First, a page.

French Diplomacy and the Choice of Governor for Eastern Rumelia (1878–1879) Cover Image
  • Price 3.00 €

Френската дипломация и изборът на губернатор на Източна Румелия (1878-1879 г.)
French Diplomacy and the Choice of Governor for Eastern Rumelia (1878–1879)

Author(s): Hristo Gloushkov
Subject(s): History
Published by: Институт за исторически изследвания - Българска академия на науките

Summary/Abstract: French diplomatic activity following the Berlin Congress was defined by two primary objectives – immediate implementation of the decisions of the Congress and establishing French Protectorate over Tunisia. Trying to pacify the Balkans, a French delegation lead by Baron De Ring, an experienced and unprejudiced diplomat, was sent from Paris to Eastern Rumelia – first to the Turkish capital, then – to Plovdiv. He was assisted by Baron Coutouglay, later minister plenipotentiary in Bucharest, and the secretary of the French embassy in Constantinople Albin Rose – both of them well-acquainted with the situation in the Balkans. The French documents gathered by the author reveal the diplomatic struggle between the foreign representatives in Plovdiv and Tzarigrad (Constantinople) over the drafting of Eastern Rumelia’s Constitutional Statutes and the choice of its future governor. A description of the tense atmosphere among the local population is given and an emphasis is laid on the unrest among the Bulgarians. The withdrawal of the Russian armies lay ahead. Ring discussed the matter with Bulgarian merchants whom he calls „intellectual elite of the Bulgarian nation in Rumelia“. His advisor Ivan Geshov demonstrated indisputable qualities as a politician and diplomat in the looming events on which the author sheds a new light with a special emphasis on Aleko Bogoridi’s appointment for governor of East Rumelia. Regarding this, Baron de Ring conducted talks with Sultan Abdul Hamid II and his collaborators. The French diplomat’s activity was marked by a degree of democratic attitude and sympathy towards the Bulgarian population in East Rumelia but the French policy was cautious, lacked initiative and alienated itself from tackling Balkan problems. Its anti-Russian orientation prevailed as well.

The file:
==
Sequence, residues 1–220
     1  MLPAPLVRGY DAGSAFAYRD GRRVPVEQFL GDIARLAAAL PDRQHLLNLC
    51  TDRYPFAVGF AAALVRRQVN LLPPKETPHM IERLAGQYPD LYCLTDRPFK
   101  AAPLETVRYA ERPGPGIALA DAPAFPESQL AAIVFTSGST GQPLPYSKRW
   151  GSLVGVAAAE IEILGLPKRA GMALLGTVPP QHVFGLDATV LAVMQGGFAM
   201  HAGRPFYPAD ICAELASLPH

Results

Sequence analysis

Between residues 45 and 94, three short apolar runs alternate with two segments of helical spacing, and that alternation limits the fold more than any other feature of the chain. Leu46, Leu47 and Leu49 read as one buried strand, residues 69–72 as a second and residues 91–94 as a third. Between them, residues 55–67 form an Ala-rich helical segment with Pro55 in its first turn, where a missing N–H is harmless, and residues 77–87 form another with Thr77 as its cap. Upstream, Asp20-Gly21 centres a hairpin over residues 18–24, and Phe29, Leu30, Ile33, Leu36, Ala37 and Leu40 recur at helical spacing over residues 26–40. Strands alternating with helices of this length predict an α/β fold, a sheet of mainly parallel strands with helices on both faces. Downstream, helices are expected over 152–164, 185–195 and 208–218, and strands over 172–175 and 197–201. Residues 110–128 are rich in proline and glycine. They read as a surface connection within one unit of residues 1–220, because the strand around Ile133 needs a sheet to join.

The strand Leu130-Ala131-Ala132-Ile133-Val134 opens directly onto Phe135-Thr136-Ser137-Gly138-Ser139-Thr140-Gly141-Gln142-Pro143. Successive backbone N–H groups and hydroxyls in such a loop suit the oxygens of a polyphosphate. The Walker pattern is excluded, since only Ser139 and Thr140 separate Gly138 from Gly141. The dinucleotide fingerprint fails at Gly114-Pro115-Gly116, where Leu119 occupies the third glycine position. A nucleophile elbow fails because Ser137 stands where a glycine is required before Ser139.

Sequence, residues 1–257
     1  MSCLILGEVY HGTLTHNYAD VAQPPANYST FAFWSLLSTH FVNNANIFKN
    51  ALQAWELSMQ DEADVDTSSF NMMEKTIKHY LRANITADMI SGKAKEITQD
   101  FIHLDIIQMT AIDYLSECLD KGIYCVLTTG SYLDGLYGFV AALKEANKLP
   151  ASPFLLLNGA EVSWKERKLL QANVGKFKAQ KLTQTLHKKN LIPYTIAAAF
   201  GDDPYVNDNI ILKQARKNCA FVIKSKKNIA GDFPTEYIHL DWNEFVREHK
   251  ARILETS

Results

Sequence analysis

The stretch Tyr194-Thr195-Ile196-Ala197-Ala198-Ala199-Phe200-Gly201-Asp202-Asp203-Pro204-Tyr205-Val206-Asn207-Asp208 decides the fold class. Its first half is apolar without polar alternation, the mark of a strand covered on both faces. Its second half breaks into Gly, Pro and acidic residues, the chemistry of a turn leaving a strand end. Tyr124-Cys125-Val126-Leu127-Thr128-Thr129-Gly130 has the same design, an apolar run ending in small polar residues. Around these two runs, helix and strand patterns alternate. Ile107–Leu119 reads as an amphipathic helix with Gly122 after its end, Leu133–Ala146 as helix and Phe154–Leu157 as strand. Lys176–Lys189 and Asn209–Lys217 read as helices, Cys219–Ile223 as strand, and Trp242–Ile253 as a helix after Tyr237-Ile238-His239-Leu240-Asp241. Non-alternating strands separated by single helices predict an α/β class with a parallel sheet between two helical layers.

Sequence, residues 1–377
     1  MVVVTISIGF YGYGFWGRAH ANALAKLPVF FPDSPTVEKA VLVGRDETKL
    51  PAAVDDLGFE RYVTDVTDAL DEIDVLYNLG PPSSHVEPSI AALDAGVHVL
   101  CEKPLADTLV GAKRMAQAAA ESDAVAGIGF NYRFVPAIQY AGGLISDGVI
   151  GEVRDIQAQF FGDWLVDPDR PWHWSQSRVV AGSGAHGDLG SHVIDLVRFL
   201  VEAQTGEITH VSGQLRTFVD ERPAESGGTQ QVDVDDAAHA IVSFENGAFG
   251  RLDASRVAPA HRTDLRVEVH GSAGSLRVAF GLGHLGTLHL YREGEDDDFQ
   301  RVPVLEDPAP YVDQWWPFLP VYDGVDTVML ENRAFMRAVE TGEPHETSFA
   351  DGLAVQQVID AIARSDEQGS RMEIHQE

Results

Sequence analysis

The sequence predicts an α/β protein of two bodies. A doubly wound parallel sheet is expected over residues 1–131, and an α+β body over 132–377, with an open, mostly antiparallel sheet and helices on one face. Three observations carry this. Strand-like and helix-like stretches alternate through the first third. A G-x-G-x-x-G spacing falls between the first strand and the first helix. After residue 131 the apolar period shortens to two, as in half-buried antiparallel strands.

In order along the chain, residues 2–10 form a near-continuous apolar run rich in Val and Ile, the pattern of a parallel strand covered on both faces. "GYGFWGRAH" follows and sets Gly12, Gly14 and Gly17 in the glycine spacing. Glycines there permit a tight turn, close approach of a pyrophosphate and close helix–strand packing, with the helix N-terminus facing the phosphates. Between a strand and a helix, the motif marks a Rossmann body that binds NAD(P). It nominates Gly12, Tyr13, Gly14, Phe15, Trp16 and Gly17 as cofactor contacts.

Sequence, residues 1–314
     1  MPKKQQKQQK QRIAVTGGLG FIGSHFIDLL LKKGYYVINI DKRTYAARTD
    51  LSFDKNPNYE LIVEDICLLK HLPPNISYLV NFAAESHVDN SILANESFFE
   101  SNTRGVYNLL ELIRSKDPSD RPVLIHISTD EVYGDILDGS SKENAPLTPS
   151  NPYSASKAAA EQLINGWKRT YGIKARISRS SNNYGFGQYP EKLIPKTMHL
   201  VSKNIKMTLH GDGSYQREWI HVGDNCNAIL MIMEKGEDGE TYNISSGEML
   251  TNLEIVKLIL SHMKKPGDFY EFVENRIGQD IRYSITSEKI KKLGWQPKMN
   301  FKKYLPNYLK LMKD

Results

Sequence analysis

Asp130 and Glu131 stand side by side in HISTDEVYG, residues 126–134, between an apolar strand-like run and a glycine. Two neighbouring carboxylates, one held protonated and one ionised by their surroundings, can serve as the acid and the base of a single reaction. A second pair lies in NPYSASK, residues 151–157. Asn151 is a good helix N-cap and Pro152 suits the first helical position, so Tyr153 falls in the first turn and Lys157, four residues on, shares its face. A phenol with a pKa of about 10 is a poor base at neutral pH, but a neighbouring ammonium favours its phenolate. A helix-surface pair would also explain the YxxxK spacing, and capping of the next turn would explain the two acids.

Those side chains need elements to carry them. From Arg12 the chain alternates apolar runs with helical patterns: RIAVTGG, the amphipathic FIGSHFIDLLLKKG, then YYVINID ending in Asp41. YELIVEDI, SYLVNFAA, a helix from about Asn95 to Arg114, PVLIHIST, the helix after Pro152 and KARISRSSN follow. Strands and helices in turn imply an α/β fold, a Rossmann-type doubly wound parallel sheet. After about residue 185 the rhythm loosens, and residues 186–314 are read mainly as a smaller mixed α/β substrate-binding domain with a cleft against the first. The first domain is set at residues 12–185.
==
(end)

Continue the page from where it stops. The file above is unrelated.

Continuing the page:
• Issue Year: 2006
  • Issue No: 1-2
  • Page Range: 163-179
  • Page Count: 17
  • Language: Bulgarian